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Robben Island I
"Today when I look at Robben Island I see it as a celebration of the struggle and a symbol of the finest qualities of the human spirit, rather than as a monument to the brutal tyranny and oppression of apartheid.
Robben Island is a place where courage endured in the face of endless hardship, a place where people kept on believing, when it seemed their dreams were hopeless and a place where wisdom and determination overcame fear and human frailty.
It is true that Robben Island was once a place of darkness, but out of that darkness has come a wonderful brightness, a light so powerful that it could not be hidden behind prison walls, held back by prison bars or hemmed in by the surrounding sea.
In these sketches entitled: My Robben Island, I have attempted to colour the island sketches in ways that reflect the positive light in which I view it. This is what I would like to share with people around the world and, hopefully, also project the idea that even the most fantastic dreams can be achieved if we are prepared to endure life’s challenges."
- Nelson Mandela June 2002
The Robben Island I collection of works depicts some of the most iconic images from Robben Island, from the open door to the artists cell and meager belongings to the brightly coloured church. Each piece carrying its owns story:
This image reflects a vision Nelson Mandela would reflect upon from inside his 9x9ft cell, Although the range of Table Mountain is not visible from the cell he would often gaze into the courtyard wall and imagine his country of birth, on returning to the Island in 2002, prior to completing this image, the artist once more gazed from the cell window and said “It looks a lot more colourful now than it did a few years ago”. After sketching the image he said to the gallery director "That window, you know, was actually a window to the world, because I could see quite a lot… Through my mental horizons expand".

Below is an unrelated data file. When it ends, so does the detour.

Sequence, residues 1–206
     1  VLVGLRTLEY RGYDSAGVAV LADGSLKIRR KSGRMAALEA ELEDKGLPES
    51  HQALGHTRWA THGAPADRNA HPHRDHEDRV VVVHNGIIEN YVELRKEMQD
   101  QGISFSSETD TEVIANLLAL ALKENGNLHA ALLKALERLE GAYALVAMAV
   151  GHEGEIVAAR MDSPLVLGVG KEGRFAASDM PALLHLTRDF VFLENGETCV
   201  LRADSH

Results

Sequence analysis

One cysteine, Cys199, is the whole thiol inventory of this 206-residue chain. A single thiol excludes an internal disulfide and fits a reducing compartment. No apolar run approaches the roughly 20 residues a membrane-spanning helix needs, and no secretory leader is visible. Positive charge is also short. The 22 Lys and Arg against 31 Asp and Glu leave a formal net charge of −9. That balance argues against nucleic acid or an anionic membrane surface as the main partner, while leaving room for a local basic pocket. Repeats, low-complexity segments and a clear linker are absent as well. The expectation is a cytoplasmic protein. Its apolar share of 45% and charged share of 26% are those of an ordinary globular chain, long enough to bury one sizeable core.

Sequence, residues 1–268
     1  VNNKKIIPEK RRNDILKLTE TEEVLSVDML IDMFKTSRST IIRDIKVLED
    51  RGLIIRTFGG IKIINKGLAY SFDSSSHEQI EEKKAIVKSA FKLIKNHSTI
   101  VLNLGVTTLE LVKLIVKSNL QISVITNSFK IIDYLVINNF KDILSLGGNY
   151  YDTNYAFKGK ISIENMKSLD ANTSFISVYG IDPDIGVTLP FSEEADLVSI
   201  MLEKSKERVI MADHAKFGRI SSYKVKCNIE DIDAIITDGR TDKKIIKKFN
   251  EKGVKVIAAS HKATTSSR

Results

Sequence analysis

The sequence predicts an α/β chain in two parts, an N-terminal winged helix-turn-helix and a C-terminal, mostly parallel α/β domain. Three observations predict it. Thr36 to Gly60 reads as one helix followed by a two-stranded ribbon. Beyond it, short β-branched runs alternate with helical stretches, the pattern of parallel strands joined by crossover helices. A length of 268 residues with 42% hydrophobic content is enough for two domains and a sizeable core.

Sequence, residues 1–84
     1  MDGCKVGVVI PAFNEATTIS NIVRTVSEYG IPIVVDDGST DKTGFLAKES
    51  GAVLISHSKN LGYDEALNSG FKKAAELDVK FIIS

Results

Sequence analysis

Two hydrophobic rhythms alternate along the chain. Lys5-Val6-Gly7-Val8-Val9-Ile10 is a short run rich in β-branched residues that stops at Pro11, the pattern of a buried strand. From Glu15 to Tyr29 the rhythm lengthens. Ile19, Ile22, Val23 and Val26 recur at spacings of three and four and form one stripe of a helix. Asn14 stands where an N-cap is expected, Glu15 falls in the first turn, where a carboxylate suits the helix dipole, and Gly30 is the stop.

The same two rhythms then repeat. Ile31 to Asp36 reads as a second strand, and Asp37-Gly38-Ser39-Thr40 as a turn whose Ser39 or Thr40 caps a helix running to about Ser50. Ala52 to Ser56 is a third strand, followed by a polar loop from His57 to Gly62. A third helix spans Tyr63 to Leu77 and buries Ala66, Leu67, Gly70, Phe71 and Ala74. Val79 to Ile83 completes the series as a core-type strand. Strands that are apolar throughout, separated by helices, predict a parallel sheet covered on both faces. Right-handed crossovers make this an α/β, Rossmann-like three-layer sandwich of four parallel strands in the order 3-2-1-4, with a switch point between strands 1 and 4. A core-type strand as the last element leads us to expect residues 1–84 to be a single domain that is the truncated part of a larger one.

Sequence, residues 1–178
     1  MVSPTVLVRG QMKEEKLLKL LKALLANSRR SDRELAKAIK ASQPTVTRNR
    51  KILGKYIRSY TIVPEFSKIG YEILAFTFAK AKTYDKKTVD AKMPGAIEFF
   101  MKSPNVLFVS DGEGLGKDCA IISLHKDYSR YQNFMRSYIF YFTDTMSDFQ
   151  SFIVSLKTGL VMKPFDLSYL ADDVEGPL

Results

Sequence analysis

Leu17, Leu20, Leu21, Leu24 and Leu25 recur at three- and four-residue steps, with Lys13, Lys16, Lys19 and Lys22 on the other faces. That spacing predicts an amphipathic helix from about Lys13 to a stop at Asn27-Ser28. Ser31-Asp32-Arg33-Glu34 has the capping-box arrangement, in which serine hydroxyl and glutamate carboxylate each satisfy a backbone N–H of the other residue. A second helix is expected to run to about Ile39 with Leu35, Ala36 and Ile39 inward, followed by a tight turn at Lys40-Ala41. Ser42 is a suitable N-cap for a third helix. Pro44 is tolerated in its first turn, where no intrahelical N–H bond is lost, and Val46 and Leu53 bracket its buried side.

It was here that the Susan Kruger first docked and delivered to the island a band of brothers exiled to this barren piece of earth, surrounded by turbulent seas, violent currents – a natural fortress to contain these brothers, to prevent easy access to their fellow countrymen – for fear they may share their vision for a united land, a free land, a land for all South Africans… Equally. When Nelson Mandela left the Island the harbour quay was as empty as the prison cells… The waves lapping at the tyres sounded as it the harbour was applauding his departure.
This image is one that would flash through the artists mind on regular intervals, from the first time he was thrust into the 6 ft x 9 ft cell to the last time he exited… that hard sound of the key clanking the tumblers in the lock would be the first thing he heard in the morning and the last thing he heard at night. But they day of his departure from the island the sound changed significantly. He would say that on the day of his transfer from Robben Island to transfer to Victor Verster prison, his warder seemed to be turning the key in slow motion – he was unaware if it was turning the lock to his freedom or yet another transfer.
Although the prisoners were never allowed in the Robben Island Church Nelson Mandela always felt a sense of calm as they marched past this beautiful building en rote to the lime stone quarry. Their route back to the cells at the end of the day once again passed the church, now bathed in the sunset, the same sunset that cast its spell of African colours on his people and his land some 10 kilometres in the distance.
The artist would often lie on his bed at night and count the flashed of the lighthouse lamp as it cast its rays through the bars, briefly reflecting a shadowy outline of the bars along the adjacent wall. Mandiba imagined the light beams pulsing into the night and wondered if people looked out and the island lighthouse and thought of him and his brethren in this forlorn place. When colouring the works the artist accidentally pressed his hand on the sketch, in the sky to the left of the lighthouse, after applying a bit more pastel the image was almost invisible… its shadow reminder of this mans humbleness can still be made out on the image.